PEMEX And CIR
Immigration to the US is a multi-faceted subject, and touches on an increasing number of issues, both at home and abroad. A critical connection that many Immigration Daily readers should know about is between PEMEX and Comprehensive Immigration Reform (CIR). PEMEX is Petroleos Mexicanos, the state-owned oil and gas company in Mexico. From its website "Petroleos Mexicanos was established by a decree of the Mexican Congress, effective on July 20, 1938, as a result of the nationalization of the foreign-owned oil companies which were operating in Mexico ... PEMEX is the largest company in Mexico and, according to the Petroleum Intelligence Weekly, in 2003 it was the ninth largest oil and gas company in the world. In the same year, it was the third largest producer of crude oil in the world." Any which way you crunch the numbers, PEMEX is the single largest economic entity in Mexico, and it affects the Mexican economy more than any other single factor. To the extent that immigration from Mexico to the US is driven by economic factors, especially the poor performance of the Mexican economy over the decades, the blame lies squarely on PEMEX's shoulders. This should come as no surprise given the abysmal record of state-owned companies throughout the world over the last century. If the oil and gas assets of Mexico were properly managed, the resultant wealth would result in the creation of opportunity in Mexico sufficient to significantly ameliorate some of the pressure on our southern border. Efficient management of PEMEX is possible by privatization - for example, by giving every person in Mexico an equal share, and then letting those shares trade freely in the international stock markets. A privatized PEMEX would result in wealth flowing to all ordinary Mexicans, unlike the situation over the last 80 years, when Mexican oil wealth has lined the pockets of only PEMEX's workers and the Mexican oil elite. While what to do with PEMEX is certainly a sovreign Mexican decision, the US could, as part of CIR, encourage our neighbor to the south to move toward privatization, and perhaps make some elements of CIR contingent upon this. To the extent possible, CIR should address both long-term and short-term issues. If improving the Mexican economy is part of the CIR equation, privatizing PEMEX has to be on the table.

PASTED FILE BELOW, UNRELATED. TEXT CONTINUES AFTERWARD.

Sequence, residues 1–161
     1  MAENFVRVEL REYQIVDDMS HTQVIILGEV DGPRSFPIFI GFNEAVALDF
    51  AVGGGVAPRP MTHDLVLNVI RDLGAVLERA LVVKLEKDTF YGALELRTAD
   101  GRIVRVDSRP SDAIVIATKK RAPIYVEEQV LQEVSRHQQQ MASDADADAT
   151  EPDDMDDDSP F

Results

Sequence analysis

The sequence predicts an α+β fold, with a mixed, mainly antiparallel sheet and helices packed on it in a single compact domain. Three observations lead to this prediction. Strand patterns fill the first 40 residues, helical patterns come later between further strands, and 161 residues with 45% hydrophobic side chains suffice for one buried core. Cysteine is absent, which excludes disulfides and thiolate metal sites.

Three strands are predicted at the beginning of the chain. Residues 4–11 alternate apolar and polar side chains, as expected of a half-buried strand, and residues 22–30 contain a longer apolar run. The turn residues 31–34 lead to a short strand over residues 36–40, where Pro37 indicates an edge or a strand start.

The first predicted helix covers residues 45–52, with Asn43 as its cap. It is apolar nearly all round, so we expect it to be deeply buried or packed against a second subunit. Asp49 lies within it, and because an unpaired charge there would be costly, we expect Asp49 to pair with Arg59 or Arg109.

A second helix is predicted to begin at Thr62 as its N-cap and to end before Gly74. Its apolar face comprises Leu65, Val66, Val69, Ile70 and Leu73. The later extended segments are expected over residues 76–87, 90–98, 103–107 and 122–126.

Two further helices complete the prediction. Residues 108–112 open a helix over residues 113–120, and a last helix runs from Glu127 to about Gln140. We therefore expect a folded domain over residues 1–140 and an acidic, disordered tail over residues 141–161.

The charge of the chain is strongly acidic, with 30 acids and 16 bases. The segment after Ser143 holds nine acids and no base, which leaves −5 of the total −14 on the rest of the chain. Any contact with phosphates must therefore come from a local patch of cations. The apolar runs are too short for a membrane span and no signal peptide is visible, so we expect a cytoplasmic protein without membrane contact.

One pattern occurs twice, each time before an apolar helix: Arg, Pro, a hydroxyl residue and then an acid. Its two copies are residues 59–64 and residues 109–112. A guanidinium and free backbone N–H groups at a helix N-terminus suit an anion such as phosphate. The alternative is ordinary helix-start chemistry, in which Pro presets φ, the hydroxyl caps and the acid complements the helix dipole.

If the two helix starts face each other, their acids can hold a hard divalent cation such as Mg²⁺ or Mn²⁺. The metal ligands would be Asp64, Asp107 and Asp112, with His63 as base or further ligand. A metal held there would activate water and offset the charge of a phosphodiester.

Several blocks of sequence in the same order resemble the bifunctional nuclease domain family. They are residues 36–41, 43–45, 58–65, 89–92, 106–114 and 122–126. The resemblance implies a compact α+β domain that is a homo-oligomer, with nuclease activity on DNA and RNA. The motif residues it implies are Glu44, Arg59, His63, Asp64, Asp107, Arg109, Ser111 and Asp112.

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7th Circuit Says USCIS Cannot Usurp DOL Role, USCIS Cannot Re-Adjudicate Labor Certs Approved By DOL
In Hoosier Care, Inc v. Chertoff, No. 06-3562 (7th Cir. Apr 11, 2007), the court said that "an inquiry into the training requirements ... is a matter that the regulation - DHS's own regulation - confides to the Department of Labor" and further said that "DHS's 'delegating'  responsibility to the Department of Labor in the regulation is actually recognition of the location of a responsibility implicit in the Labor Department's statutory mandate".
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Readers are welcome to share their comments, email: firstname.lastname@example.org (300-words or fewer preferred). Many letters to the Editor refer to past correspondence, available in our archives.
The latest right-wing plan would sell immigrants leave passes to visit their relatives
abroad, along with partial immunity from the occasional round of
capricious deportations, for a mere $1,200 a year in post-tax
protection money. Those who can't cough up would face intensified
The citizenship chimera (some 35 years, $50,000, a wait abroad, and a
lucky drawing later) is undoubtedly there to try to save face with
UNHCHR and the international community - outside of course of Latin
America, where the sound of laughter is already loud enough to provide
temporary relief from the sorrow and shame of having relatives in a
more or less elective state of indentured servitude abroad.
It's clear that the CIR consensus building process has been hijacked,
and that the legislation's ideals are at risk of being turned upside
down by those same shameless supremacist slimeballs that co-opted last
year's S. 2611 into H.R. 4437.
It's time to stop playing games with morality and decency. S. 9 should
be a straight-up Democratic bill, and offer direct adjustment of
status upon a background check. There are six Republican senators who
will support any comprehensive bill. The Democratic leadership needs
to get the five dissenting Democrats back into line for the cloture